All through the twenties, there were very needy people – returning soldiers were often in difficult circumstances; there was a drastic slump in primary produce that threw some farmers; there was increasing unemployment up until the ‘29-’30 crash, and of course the double blow for this area of the devastating earthquake. All through that time, Griff made sure that needy families had winter shoes for their growing children – children will grow out of shoes – and that workmen had boots that enabled them to do their jobs properly … all on very generous terms. And he was known for saying to people he knew who were still struggling, “Look, you don’t owe me anything.” And so his generosity and his care for people like that was well-known, and I think very much part of his Christianity. He did a lot in the Church but that’s for Sunday at St Andrew’s.

Now we come to the earthquake …

Question: Is that shop still there? Is that facade the same?

Judy: There’s still Griffiths’ Footwear downtown on Heretaunga Street, but not this one.

Look, I feel a bit awkward because you Hastings people must know much more about this earthquake than I do. But these are our stories … you’ll have other stories.

Bessie was not in the shop that morning, but she walking up town with morning tea and cut lunches that they provided for the shop. That’s very typical of their attitude towards their staff. And she was thrown off her feet by the force of the ‘quake, and actually, ‘til the Christchurch earthquake I didn’t quite believe that, but now I do. [Chuckles] She got up and tried to go to her best friend in the neighbourhood, Mrs Briggs, and was thrown off her feet by the second shock – you know, there was a little gap and another shock. So she and Mrs Briggs did what they could to support each other. Both their houses were wooden, but of course the chimneys were down and there was lots of broken crockery and preserves and everything. After a while they could see that there were fires in the town, and they did not know if their husbands were safe, and it was a long, long, anxious wait for them.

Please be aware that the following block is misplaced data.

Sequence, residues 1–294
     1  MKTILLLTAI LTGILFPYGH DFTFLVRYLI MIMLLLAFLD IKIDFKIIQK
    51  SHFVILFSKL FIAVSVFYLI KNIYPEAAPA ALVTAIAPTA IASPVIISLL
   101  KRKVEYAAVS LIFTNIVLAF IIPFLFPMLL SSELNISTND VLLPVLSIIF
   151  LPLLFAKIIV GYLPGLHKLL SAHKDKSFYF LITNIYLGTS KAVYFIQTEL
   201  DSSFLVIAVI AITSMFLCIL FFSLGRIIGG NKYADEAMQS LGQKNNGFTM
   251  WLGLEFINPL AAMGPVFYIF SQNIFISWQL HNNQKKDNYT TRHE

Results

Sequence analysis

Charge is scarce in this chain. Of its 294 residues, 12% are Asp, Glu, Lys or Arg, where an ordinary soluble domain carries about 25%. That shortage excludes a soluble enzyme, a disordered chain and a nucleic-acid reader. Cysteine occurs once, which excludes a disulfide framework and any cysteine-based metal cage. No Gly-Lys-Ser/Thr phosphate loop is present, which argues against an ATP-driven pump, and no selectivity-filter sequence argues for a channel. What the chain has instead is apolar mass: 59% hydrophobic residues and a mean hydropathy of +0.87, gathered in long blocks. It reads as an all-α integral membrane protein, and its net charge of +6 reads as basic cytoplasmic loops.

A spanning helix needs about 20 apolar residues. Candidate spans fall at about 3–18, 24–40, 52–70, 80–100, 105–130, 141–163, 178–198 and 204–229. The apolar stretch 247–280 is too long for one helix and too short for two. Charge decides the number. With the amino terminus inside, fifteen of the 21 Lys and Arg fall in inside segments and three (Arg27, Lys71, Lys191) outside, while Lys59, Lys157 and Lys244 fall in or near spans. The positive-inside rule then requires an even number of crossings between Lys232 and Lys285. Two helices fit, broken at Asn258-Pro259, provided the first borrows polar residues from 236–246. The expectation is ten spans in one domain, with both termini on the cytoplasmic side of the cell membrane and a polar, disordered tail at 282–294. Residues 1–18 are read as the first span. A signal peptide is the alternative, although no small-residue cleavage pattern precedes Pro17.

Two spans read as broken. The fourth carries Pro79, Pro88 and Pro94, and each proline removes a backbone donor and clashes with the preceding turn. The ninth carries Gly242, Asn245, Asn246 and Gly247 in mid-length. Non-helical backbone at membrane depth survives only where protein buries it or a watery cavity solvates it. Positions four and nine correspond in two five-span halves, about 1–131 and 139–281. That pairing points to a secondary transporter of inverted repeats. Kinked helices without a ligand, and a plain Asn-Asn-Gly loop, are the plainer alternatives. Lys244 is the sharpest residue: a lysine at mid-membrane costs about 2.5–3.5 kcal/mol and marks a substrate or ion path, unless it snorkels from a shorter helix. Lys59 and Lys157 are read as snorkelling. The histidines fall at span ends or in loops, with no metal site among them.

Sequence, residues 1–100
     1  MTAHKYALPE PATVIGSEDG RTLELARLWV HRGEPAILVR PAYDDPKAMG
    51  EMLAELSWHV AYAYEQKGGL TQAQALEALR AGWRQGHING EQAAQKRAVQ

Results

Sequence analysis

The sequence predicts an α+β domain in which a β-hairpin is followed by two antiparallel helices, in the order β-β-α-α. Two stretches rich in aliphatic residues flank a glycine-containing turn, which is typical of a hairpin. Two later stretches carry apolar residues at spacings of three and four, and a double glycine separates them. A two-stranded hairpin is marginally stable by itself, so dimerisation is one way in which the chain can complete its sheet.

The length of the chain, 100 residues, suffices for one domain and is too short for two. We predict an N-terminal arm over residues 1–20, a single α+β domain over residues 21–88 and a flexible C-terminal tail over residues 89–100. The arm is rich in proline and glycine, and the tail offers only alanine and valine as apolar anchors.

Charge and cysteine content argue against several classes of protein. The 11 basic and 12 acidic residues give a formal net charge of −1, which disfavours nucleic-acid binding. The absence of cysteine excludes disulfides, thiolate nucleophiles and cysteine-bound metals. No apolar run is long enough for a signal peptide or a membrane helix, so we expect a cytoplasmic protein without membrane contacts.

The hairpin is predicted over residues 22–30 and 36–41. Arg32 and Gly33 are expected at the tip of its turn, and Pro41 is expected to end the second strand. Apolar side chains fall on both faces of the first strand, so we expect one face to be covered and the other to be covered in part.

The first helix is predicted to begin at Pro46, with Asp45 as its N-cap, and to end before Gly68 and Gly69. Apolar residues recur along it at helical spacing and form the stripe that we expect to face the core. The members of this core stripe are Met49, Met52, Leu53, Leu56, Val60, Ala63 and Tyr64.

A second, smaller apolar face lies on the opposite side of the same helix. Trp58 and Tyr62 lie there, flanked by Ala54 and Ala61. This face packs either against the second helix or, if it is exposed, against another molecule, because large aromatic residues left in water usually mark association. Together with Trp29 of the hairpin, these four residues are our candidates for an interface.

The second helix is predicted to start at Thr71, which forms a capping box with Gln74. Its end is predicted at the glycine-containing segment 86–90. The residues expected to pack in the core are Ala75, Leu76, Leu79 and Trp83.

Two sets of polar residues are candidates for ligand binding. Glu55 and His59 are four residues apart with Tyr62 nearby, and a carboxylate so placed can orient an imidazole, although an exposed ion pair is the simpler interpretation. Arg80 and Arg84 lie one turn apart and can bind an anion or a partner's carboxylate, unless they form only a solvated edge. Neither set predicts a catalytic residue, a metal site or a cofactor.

In the shop, as you can see, it was destroyed. But what we were told was – actually, Griff had a [an] advertising riddle about this shop: ‘Why is Griffiths’ Footwear like a river? Because it is between two banks.’ This is the BNZ [laughter] and the other one is the Bank of New South Wales. Up the top here on the BNZ – you see this … big stone parapets? Now we were told that the side parapets particularly were thrown off, and they crashed through the roof of the building. The shop was brick anyway and it crumbled – but this brought the roof structure … brought it down.

Sid O’Neill, who later became manager for many years, told us he was talking to a customer at the door and they both shot out, but Griff was trapped inside, and most tragically, the office girl turned back after the first shock to see if she could retrieve the cash … they didn’t think the cash should stay inside a ruined building … and she was caught in the second shock by one of these stone parapets, and killed. So that was their tragedy – there were many tragedies that day, but it was very hard.